By Cole Parkinson
With the Alberta Education reviewing transportation in regard to schools, Horizon School board is preparing to make some changes to their policies.
During a May board meeting, they had a chance to discuss what could potentially come down the pipe and how they could change their policies to reflect the changes made.
“Transportation has been a big one. As you know the province is reviewing the transportation regulation and reviewing everything from what the criteria are for busing, to the distance and what the parameters are. We’ve had conversations with school councils, with administrators, certainly with yourselves as well,” said Wilco Tymensen, superintendent of schools.
While the board is now well aware that some of their policies will need to be updated, the process for updates around transportation have been in discussion for a number of years.
The changing of government from a Conservative led government to an NDP has also slowed things down but now with the NDP having several years under their belt, talks have once again picked up.
“We started the transportation review about five years ago with a number of open houses but it was put on hold because the government was updating the School Act. There was a change in government so it was put on hold as well and there were further changes made in the fall. Now the government is conducting feedback on changes to the regulation,” continued Tymensen. “My assumption is that if those changes come to be, that will happen this fall and at that point we probably need to review our policy and make sure it is in-line with the provincial changes.”
Expectations that updates will be brought forward this fall, the board will be making changes shortly after.
Tymensen expects they would look at October or November as the likely times to review their policies around transportation.
One of the biggest issues stemming from the discussions have been around busing distances set in the School Act.
Right now, when a student lives 2.4 kilometre or closer to their school, buses aren’t available to them and it’s the parent’s responsibility to get their child to and from the school.
There has been some push back to this portion from parents but Tymensen says that parents have to be aware of the transportation eligibility.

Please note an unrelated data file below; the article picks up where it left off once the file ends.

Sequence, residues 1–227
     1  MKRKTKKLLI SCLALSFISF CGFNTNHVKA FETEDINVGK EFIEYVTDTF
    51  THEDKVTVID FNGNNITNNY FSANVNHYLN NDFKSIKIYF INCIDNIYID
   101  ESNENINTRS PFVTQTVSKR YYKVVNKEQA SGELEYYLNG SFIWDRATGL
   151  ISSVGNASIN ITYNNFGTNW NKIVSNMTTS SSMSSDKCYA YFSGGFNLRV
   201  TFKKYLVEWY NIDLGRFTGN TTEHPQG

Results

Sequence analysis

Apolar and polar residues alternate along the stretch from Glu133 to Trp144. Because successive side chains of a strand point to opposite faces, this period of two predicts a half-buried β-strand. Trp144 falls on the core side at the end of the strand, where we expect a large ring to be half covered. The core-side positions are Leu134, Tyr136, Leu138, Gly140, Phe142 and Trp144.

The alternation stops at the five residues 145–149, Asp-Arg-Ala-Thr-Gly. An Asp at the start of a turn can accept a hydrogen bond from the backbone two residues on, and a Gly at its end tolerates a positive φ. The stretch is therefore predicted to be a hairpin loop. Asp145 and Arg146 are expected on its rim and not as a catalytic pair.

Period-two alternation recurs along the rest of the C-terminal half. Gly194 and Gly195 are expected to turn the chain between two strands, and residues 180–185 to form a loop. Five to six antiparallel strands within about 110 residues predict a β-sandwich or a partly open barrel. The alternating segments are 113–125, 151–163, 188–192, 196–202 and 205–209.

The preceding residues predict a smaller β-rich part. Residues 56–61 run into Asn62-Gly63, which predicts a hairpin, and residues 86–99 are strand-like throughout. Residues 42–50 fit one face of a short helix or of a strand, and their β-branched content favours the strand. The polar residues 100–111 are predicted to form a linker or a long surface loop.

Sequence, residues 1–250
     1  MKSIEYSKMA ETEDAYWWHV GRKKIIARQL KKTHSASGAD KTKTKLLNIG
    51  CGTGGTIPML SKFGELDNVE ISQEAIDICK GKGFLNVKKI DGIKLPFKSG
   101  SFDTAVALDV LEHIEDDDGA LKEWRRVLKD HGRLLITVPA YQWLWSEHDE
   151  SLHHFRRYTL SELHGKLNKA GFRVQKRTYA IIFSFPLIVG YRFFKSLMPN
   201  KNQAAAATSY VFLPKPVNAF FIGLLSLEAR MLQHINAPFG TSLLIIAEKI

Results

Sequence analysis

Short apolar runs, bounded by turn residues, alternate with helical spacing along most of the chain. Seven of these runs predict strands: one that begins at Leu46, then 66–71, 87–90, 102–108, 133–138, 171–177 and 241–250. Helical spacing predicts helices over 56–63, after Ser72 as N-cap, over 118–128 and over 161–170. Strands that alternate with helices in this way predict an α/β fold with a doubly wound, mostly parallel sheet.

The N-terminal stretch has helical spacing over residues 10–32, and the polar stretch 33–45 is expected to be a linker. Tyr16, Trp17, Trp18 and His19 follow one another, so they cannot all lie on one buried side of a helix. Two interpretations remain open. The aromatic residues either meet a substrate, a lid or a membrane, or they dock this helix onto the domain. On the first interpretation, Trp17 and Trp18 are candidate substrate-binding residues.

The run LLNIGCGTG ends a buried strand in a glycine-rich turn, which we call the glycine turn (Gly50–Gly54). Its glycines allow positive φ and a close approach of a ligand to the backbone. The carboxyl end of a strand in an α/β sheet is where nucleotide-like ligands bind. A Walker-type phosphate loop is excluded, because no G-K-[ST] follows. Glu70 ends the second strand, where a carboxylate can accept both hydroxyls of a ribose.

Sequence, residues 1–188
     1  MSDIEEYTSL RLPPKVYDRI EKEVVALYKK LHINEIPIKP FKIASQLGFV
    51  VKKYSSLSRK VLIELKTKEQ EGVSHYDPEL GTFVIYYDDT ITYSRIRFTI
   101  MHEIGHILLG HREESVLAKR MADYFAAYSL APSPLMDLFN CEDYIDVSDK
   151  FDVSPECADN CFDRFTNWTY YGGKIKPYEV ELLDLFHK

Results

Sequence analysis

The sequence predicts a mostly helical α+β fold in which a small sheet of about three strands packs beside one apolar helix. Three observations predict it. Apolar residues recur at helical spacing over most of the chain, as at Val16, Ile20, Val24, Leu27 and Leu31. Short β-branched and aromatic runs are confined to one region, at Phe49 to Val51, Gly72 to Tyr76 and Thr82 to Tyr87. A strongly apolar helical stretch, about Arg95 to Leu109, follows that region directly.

“Certainly there is conversations around the 2.4 kilometres. Right now, when a parent lives less than 2.4 kilometres from their designated school, it’s their responsibility to get their child to school. You often hear parents say ‘that it is a ridiculous distance for my little one to walk’, no one is saying it is walking distance. It’s actually a parent responsibility distance,” said Tymensen. “If the parent feels it is too far for their children to walk, it would be their responsibility to drive their child.”
Alberta Education states that the transportation eligibility is set at 2.4 kilometres because “this distance criteria has been long-established in the School Act, as well as through the former Student Transportation Regulation and the newly established School Transportation Regulation. This criteria is used to determine whether a board is responsible for providing transportation for the student or whether it is the parents’ responsibility. For students who are less than 2.4 kilometres, parents are responsible for determining how to get their child(ren) to school” and “the government recognizes that this criteria is the subject of much public debate. Moving forward, the government will engage stakeholders in discussions regarding the suitability of this distance criteria.”
Another issue brought forward to the board was around student safety concerns when they are making their way to their designated school.
“Right now there is no requirements in the regulation around safety concerns and safety concerns could be crossing a busy train track, on the highway, walking down a country road. None of those provisions are in the regulation. There is no ability right now to charge fees, that’s all controlled through the province and certainly there are some jurisdictions that have historically done that but given the changes in ministerial direction around school fees, we cannot change or alter any in regard to that piece,” said Tymensen.
Moving forward, Alberta Education is giving parents an opportunity to give feedback and make suggestions on what they would like to see in regard to distance criteria, mandated service levels and what safety considerations should be included.
“The survey does inquire about if parents want to pay for services, should that be an option that could be available,” added Tymensen.
Parents can access the transportation survey from the Alberta Education website at education.alberta.ca/student-transportation.